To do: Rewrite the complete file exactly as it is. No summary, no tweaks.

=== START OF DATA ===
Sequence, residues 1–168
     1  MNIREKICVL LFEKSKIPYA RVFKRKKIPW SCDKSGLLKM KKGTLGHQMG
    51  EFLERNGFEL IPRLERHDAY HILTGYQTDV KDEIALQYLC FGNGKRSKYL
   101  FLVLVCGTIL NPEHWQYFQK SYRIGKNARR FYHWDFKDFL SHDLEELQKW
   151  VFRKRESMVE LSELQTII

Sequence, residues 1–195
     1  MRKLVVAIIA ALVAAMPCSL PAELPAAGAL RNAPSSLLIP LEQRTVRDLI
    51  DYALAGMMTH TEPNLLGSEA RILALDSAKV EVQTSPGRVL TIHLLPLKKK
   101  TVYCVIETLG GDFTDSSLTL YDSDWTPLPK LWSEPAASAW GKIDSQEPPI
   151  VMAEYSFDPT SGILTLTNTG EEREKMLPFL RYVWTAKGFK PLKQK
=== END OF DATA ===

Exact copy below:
Sequence, residues 1–168
     1  MNIREKICVL LFEKSKIPYA RVFKRKKIPW SCDKSGLLKM KKGTLGHQMG
    51  EFLERNGFEL IPRLERHDAY HILTGYQTDV KDEIALQYLC FGNGKRSKYL
   101  FLVLVCGTIL NPEHWQYFQK SYRIGKNARR FYHWDFKDFL SHDLEELQKW
   151  VFRKRESMVE LSELQTII

Sequence, residues 1–195
     1  MRKLVVAIIA ALVAAMPCSL PAELPAAGAL RNAPSSLLIP LEQRTVRDLI
    51  DYALAGMMTH TEPNLLGSEA RILALDSAKV EVQTSPGRVL TIHLLPLKKK
   101  TVYCVIETLG GDFTDSSLTL YDSDWTPLPK LWSEPAASAW GKIDSQEPPI
   151  VMAEYSFDPT SGILTLTNTG EEREKMLPFL RYVWTAKGFK PLKQK